However I don't mind not having cordless so I'll look around for a mains driven unit which can sit in its box for a year and still work when SWIMBO needs something doing.
--
AnthonyL

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On Sunday, 17 January 2016 21:01:36 UTC, AnthonyL wrote:

mains drills will screw, though control is grotty.

You haven't clarified what tasks you want it for.
NT
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On Sunday, 17 January 2016 21:28:48 UTC, snipped-for-privacy@gmail.com wrote:

So long as they have a 2 speed mechanical gearbox.
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On Sun, 17 Jan 2016 13:28:44 -0800 (PST), snipped-for-privacy@gmail.com wrote:

I thought I had and it is cited above.
--
AnthonyL

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On 18/01/2016 13:14, AnthonyL wrote:

With respect your description is a little vague. I probably end up assembling a bit of flat pack furniture for someone once a year. While you *can* do this with normal screwdrivers or allen keys, it only takes seconds with a cordless drill. I was helping a mate with some mods on a boat last weekend, and one of these involved removing and replacing two access panels on a sloping ceiling each held with eight self tappers. With a cordless drill, the posidrive screw sticks to a bit held in a magnetic chuck. You can use one hand to align the panel, the other holds the drill with the screw held on the bit, a quick whizz and it is in, move on to the next screw. Doing it with a screwdriver, even a magnetic one, is a lot more fiddly. The control of angle and torque that you have with a decent modern cordless drill really has to be tried to be appreciated.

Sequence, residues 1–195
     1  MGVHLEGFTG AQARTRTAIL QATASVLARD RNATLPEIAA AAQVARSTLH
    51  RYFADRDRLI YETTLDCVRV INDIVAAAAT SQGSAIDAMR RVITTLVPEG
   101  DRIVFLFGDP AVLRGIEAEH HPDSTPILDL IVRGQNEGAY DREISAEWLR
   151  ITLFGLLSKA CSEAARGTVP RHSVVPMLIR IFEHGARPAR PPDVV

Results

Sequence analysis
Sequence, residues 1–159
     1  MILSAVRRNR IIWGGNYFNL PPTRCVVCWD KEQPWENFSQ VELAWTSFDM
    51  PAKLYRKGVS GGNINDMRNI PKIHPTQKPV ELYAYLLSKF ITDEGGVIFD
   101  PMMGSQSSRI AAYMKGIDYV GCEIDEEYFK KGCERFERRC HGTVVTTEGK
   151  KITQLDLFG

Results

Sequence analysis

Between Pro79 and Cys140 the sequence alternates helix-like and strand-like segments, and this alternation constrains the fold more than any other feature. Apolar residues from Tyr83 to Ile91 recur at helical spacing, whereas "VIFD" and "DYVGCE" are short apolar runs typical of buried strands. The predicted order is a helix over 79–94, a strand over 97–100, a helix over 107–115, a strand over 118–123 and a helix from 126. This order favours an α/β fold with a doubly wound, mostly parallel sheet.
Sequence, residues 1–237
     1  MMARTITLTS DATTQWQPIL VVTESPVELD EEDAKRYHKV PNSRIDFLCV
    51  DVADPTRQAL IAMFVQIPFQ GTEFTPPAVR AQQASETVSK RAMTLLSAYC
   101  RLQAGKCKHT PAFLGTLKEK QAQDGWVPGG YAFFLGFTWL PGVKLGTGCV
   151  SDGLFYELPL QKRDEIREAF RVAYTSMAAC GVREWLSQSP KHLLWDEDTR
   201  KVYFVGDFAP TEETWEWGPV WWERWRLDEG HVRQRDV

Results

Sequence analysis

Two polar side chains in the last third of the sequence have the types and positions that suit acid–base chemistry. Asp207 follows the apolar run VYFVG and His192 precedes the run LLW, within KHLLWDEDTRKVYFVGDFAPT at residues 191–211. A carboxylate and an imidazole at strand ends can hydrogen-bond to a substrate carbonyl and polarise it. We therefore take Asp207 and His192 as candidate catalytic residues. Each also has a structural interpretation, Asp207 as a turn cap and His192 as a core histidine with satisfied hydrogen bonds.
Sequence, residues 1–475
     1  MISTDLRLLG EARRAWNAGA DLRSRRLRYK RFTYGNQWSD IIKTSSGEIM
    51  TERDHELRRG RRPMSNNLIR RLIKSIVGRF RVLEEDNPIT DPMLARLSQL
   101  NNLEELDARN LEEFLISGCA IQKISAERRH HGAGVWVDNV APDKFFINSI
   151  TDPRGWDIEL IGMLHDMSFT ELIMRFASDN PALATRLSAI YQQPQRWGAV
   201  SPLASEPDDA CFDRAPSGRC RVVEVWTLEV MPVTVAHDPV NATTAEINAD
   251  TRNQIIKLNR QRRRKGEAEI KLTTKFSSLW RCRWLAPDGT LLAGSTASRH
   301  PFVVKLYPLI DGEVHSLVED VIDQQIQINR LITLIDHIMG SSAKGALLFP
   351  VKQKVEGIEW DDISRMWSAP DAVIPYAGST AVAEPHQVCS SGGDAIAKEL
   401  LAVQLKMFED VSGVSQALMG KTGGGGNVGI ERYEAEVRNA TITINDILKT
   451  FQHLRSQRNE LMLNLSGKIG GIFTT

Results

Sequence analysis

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On Wed, 20 Jan 2016 21:54:09 +0000, newshound

That's because SWIMBO has not detailed all the bits and pieces I am likely to have to do over the next 10yrs.

Well yes, I've got something to assemble this weekend - at this rate I'll be doing it all by hand just like I did with the recent IKEA cabinets. It might be 2 years or never before I have to do another.
So what drill have you got? That would be helpful.
--
AnthonyL

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On 21/01/2016 13:07, AnthonyL wrote:

I have a Makita 18 volt which came with 2 NiCad batteries, cost about £100 with a box fitted with a useful collection of drills, 6 mm bits, etc. It is a few years old and I have bought about 3 "clone" batteries since then. (It has had fairly heavy use including about 50 metres of fencing and a large summerhouse). Now, I think I would suggest going with Li-Ion rather than NiCad.